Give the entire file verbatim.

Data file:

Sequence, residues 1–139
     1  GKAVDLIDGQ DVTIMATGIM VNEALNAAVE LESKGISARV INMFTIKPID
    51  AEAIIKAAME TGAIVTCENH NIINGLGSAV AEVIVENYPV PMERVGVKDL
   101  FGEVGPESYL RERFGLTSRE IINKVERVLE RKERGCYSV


Sequence, residues 1–139
     1  GKAVDLIDGQ DVTIMATGIM VNEALNAAVE LESKGISARV INMFTIKPID
    51  AEAIIKAAME TGAIVTCENH NIINGLGSAV AEVIVENYPV PMERVGVKDL
   101  FGEVGPESYL RERFGLTSRE IINKVERVLE RKERGCYSV